Kazakhstan- Mass protests erupts against hike in fuel prices

 President has declared emergency in some cities including Almaty and night curfew imposed

Mass protests have erupted in Kazakhstan, sparked by a sharp rise in fuel prices in the Central Asian country. Videos posted on social media show thousands of people gathered in cities across the country. In some areas including second largest city Almaty, angry protestors clashed with police and stormed some government buildings.
The government has resigned and president accepted the resignations of government ministers. The president also announced to reverse the fuel price hike. But the resignation of government and withdrawal of the price increase has failed to pacify the angry protests. The Kazakh president has appealed to the Russian president Vladimir Putin to help.   

The spark was a doubling of the price of Liquefied Natural Gas (LNG), the most common fuel used in the country. All roads leading to the centre of capital Astana (now called Nur-sultan) were immediately closed off with government forces erecting barricades to prevent any demonstrations or occupation in the central areas of the capital.

Kazakhstan is a country the size of Western Europe bordered by both China and Russia. China has big industrial and trade interests in the country. (A plant where workers are said to have taken strike action this week is a Chinese Joint Venture.) There is some speculation about a movement of troops by Putin to intervene in defence of Russia’s economic and political interests on the pretext of defending the more than 4 million ethnic Russians in the country.

Media outlets have reported that in the country’s largest city, “Thousands of protesters were pressing ahead towards Almaty city centre…after security forces failed to disperse them with tear gas and flash bang grenades”. There were attacks on banks, shops, restaurants and government buildings reported in many other cities, including Shymkent and Taraz in the South.

Buildings have burned. Water cannon and stun grenades have been used against demonstrators. Hundreds have suffered preventive detention and others still face brutal arrest on the streets. The usual lies about foreign provocateurs and extremists are peddled in the media.

There are reports that strikes broke out, including in the town of Zhanaozen. It is just ten years since the December 2011 slaughter by state forces of striking oil-workers in that city and memories on both sides are still raw.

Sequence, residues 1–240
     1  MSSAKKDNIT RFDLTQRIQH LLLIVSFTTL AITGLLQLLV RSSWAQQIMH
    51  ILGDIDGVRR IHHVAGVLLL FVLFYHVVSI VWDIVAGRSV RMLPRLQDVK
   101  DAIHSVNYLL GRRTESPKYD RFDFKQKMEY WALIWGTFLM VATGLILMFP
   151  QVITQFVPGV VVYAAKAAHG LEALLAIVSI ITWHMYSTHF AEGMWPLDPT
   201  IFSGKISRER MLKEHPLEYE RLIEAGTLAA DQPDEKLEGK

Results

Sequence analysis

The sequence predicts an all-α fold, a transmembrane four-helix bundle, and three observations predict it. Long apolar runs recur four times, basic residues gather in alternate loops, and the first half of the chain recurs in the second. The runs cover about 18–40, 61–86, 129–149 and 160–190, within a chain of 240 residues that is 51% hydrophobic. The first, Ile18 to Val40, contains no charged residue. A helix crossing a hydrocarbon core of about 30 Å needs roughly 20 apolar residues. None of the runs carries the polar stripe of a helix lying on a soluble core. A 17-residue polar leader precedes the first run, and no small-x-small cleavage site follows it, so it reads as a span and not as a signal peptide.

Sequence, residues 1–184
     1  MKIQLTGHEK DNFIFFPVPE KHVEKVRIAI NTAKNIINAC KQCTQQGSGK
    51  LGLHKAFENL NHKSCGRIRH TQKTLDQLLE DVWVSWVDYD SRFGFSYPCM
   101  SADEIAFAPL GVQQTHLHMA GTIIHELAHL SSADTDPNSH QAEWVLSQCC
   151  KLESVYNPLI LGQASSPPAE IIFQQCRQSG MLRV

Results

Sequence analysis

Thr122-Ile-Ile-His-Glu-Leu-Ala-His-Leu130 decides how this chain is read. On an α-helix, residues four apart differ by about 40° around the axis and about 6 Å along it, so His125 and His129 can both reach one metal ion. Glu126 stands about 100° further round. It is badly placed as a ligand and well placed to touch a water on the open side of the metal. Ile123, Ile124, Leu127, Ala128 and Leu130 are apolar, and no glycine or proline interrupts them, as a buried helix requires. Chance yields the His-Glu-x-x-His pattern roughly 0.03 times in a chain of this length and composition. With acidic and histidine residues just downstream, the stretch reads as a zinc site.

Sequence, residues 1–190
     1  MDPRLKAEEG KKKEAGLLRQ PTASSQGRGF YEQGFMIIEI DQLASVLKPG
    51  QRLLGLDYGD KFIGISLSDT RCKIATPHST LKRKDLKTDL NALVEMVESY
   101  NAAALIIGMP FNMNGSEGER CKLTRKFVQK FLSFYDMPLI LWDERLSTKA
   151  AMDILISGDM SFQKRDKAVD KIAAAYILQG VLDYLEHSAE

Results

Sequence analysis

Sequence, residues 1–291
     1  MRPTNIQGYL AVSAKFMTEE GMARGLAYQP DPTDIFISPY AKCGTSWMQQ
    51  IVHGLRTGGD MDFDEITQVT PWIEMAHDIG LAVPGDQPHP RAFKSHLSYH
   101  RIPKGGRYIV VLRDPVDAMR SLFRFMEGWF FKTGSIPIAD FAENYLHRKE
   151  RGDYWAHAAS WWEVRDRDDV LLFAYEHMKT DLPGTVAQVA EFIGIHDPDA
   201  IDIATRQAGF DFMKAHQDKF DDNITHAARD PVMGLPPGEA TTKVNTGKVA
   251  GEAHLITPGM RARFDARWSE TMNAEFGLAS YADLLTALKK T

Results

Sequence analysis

President Kassym-Jomart Tokayev, whose strings are clearly pulled by his predecessor, Nursultan Nazarbayev, has summarily dismissed what has been a feeble puppet government. He has announced the reversal of the fuel price rise from 120 Tenge back to 60 per litre, indicating the fear of the present regime that a revolt could broaden into a movement to bring it down.

Wednesday's scenes were extraordinary in the repressive ex-Soviet country, where the opposition and media are tightly controlled. For most of its independent history, Kazakhstan has been ruled by the same authoritarian ruler.

Large protests are very rare in Kazakhstan, where political opposition is barely tolerated and protests must receive permission from the authorities to take place legally.

The western city where the fuel protests were initially focused, the oil hub of Zhanaozen, saw the last major protests in Kazakhstan in 2011. These protests then ended in a massacre when security forces opened fire on it.

The President has declared state of emergency for two weeks in some cities including Almaty and night curfew also been imposed. The internet has reportedly been partially shut down in parts of the country, including the former capital, Almaty, as the President of Kazakhstan called for calm and pledged his “government would not fall”.

Protests began three days ago in the western Mangystau region after the price of liquefied natural gas, used in vehicles, nearly doubled overnight. But on Wednesday, protests multiplied and spread to cities across the country.

Tokayev was handpicked by longtime Kazakhstan ruler Nursultan Nazarbayev to succeed him in 2019, when Nazarbayev resigned after ruling the country since gaining independence from the USSR in 1991. Nazarbayev, 81, has resigned from his post as president to become president of Kazakhstan’s Security Council, but it is still believed that he retained significant power.

A major energy exporter, Kazakhstan is one of the largest countries in the world and a key neighbor of Vladimir Putin’s Russia. The unrest in the country threatens to alarm the Kremlin, which maintains a strong influence in the region.

                                                                             Khalid Bhatti 

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